Chasing a Hare

Today I am chasing a hare.

A magical, almost mystical, creature, symbolic of changeability and fertility and associated with the Moon, hares feature in folklore and art in many different cultures around the world, it would be hard to catch.

African folk tales¹ have the hare as companion to the Moon, as does Chinese legend. In the Indian sub-continent both Hinduism and Buddhism venerate the hare as a symbol of rebirth and in European antiquity the hare was an attribute of Aphrodite. Herodotus uses the hare’s great speed in his Histories², as a portent of Xerxes eventual flight and defeat. Pliny, Aristotle and, of course, Aesop³, refer to hares and in early Christian iconography the hare is a symbol of purity and resurrection. The hare triangle symbol, of three hares, each with two ears, though only three ears are visible, is found in church architecture, mosaic and tile work and is said to symbolise the Trinity – see the example right from a Devon church. Yet the same image is found in Eastern Europe, the Middle East and along the silk road to China.

In English folklore the hare is deemed both lucky and unlucky. The story of the White Hare is a Cornish legend in which an abandoned maiden dies and returns to life in the form of a white hare to wreak revenge upon her faithless lover. At the Somerset trial in 1663 of Julian Cox, the accused was said to change into the shape of a hare at will, an attribute commonly believed to be that of a witch. So the hare is a familiar of goddesses, maidens and witches.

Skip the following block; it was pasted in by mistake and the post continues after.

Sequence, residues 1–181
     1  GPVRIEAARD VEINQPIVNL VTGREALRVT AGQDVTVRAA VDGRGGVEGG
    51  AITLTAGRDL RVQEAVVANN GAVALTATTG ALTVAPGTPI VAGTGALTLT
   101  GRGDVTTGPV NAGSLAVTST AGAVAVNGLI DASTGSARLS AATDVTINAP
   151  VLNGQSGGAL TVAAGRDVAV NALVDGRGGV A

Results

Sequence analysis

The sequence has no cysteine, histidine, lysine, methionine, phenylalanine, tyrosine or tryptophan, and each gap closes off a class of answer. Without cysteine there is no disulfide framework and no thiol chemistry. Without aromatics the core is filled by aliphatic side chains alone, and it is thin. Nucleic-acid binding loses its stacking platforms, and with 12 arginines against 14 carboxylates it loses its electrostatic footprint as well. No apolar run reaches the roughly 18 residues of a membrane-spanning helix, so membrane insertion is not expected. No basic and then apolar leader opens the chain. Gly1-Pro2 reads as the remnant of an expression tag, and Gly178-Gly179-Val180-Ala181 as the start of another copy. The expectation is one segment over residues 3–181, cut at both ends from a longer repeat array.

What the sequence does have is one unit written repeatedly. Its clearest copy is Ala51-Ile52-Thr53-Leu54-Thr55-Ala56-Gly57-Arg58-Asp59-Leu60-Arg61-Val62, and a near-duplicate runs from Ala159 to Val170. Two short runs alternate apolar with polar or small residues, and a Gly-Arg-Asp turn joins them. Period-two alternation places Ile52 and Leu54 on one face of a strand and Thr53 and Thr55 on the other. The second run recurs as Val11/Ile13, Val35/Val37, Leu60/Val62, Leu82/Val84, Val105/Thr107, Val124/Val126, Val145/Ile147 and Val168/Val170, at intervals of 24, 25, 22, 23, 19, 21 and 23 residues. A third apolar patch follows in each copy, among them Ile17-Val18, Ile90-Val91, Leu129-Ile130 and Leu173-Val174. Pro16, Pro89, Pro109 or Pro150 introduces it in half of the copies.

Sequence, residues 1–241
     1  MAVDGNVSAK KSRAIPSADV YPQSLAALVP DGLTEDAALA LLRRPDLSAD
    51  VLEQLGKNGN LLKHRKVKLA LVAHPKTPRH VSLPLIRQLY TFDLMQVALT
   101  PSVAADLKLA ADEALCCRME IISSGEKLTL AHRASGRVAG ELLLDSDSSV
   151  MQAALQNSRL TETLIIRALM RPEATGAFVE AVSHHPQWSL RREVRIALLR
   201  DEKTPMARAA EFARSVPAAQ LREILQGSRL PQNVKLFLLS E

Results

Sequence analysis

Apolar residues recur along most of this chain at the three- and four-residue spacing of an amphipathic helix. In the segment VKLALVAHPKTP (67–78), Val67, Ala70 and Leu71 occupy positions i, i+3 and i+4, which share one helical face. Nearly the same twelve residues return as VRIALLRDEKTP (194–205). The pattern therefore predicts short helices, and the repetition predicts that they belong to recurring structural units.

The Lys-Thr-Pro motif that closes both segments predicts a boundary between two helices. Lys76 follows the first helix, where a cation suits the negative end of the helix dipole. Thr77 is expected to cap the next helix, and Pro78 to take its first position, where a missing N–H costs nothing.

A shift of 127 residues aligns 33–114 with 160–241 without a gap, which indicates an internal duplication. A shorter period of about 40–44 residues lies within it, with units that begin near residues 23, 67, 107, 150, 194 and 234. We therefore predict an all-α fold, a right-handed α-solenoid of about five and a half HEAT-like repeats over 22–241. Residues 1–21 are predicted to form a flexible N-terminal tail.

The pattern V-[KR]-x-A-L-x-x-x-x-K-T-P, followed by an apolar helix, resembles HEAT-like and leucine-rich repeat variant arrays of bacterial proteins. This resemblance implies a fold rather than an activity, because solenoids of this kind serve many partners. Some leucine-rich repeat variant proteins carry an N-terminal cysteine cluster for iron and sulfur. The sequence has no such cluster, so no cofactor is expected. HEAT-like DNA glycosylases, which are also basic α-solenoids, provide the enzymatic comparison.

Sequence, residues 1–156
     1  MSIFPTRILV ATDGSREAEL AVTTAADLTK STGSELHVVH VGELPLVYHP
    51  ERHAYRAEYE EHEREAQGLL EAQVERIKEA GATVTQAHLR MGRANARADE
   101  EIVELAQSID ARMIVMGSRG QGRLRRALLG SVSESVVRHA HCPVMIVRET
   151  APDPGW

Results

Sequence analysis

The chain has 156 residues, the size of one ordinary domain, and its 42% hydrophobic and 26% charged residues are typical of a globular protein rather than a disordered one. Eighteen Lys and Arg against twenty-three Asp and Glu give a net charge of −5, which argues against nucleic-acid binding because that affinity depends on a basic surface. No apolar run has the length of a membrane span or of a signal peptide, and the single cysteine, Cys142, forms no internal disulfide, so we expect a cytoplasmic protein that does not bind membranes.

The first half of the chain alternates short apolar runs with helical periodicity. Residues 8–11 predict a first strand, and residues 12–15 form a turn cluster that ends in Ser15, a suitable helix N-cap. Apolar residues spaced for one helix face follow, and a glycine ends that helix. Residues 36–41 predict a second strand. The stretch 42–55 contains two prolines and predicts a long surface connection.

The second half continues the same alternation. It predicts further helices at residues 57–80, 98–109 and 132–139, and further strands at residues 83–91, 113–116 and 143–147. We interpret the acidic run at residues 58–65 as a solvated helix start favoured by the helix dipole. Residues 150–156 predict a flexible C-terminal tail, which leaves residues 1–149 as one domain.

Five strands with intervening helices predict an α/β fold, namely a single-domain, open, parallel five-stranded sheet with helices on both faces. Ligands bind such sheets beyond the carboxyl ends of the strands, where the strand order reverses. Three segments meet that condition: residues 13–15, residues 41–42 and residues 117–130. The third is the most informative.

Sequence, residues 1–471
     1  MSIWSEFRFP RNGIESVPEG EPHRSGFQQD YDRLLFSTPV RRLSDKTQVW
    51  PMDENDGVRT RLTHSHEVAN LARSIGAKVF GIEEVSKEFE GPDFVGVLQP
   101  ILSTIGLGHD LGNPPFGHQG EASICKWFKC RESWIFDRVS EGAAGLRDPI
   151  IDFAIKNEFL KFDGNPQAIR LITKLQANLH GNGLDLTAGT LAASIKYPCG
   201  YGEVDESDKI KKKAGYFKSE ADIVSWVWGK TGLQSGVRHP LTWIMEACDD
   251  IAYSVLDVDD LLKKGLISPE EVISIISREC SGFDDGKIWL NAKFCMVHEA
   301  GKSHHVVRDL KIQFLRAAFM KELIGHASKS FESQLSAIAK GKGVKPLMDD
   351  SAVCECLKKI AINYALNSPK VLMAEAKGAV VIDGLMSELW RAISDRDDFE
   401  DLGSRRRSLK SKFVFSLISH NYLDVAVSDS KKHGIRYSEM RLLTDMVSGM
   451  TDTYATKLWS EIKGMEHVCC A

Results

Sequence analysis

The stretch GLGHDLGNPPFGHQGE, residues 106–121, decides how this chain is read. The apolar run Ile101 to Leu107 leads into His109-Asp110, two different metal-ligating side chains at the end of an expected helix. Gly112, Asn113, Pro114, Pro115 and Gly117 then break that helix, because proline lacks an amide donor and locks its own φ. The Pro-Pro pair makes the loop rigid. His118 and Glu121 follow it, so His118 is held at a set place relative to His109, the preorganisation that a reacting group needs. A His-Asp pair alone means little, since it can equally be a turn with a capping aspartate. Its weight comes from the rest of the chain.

The hare which I have been chasing, however, is of a different kind. He is Augustus John Cuthbert Hare (1834 – 1903) the Victorian writer and artist. Scion of a Sussex family of clerics and writers he was born in Rome and spent much of his life wandering around Europe, writing about the places he visited. Some of his many travel titles, most of which are now out of print, are Walks in Rome, Walks in London and Wanderings in Spain. He also wrote a six (!) volume autobiography, but then he had a fairly unusual life; his parents gave him away when he was a young boy to a relative (assuring her, incidentally, that they had other children if she ever felt the need of more).

This Hare is now largely forgotten, even the Hare Society web-site looks sadly out of date, but, in his day, he was very well-known as a travel writer, memoirist and writer of ghost stories. He knew everyone ‘in society’ and peopled his books with vignettes of the famous and infamous. He was also the generous supporter of a young Somerset Maugham. He aroused my interest because I recently acquired two of his paintings. Hare frequently illustrated his books himself, being a more than merely competent water-colourist and he painted the homes and houses he visited in England. I have yet to find the Arts & Crafts house which features in one of these paintings (right) but suspect it is also in Sussex, if that’s not a hare-brained idea.

Incidentally, I discovered that one of Hare’s cousins from the Lyon branch of the family, was Alice Liddell, the inspiration for Lewis Carroll’s Alice. So it can be said that he is connected with that other Hare, the Mad March Hare of Alice’s Adventures in Wonderland. 

Just one incarnation of the old English saying ‘as mad as a March hare’, a phrase dating back to at least 1500. But that’s another story and I don’t want to start a new hare running*.

¹It is claimed that these tales, in which the hare is always wily and cunning, travelled with enslaved Africans to the U.S. where they formed the origin of the B’rer Rabbit stories. I don’t know if this is true.

²Histories, 7.57 – 58

³The fable of The Tortoise and the Hare

*In Calley Wood, the tale for March in my book The Village, concerns a young boy chasing a hare.

If you enjoyed reading this article there are other articles about words and symbols which you might enjoy                 When is a Tea Towel not a Tea Towel?                            Boozing Kens                   Warp and Weft


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